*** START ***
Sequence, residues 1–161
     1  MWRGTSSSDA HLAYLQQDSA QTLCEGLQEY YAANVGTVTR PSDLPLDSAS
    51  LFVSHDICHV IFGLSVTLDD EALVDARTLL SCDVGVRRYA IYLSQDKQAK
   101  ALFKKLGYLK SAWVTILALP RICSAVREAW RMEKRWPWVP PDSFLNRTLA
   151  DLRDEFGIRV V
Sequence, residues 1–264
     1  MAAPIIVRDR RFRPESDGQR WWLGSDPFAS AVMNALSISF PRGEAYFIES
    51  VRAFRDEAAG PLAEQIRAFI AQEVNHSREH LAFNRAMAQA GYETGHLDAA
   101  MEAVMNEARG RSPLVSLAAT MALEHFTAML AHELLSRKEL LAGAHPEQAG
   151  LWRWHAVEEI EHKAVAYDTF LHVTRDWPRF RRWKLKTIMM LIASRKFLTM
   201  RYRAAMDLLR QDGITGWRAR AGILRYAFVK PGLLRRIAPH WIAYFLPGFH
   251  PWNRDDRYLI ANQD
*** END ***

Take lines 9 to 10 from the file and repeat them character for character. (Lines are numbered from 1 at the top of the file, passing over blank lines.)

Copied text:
   101  MEAVMNEARG RSPLVSLAAT MALEHFTAML AHELLSRKEL LAGAHPEQAG
   151  LWRWHAVEEI EHKAVAYDTF LHVTRDWPRF RRWKLKTIMM LIASRKFLTM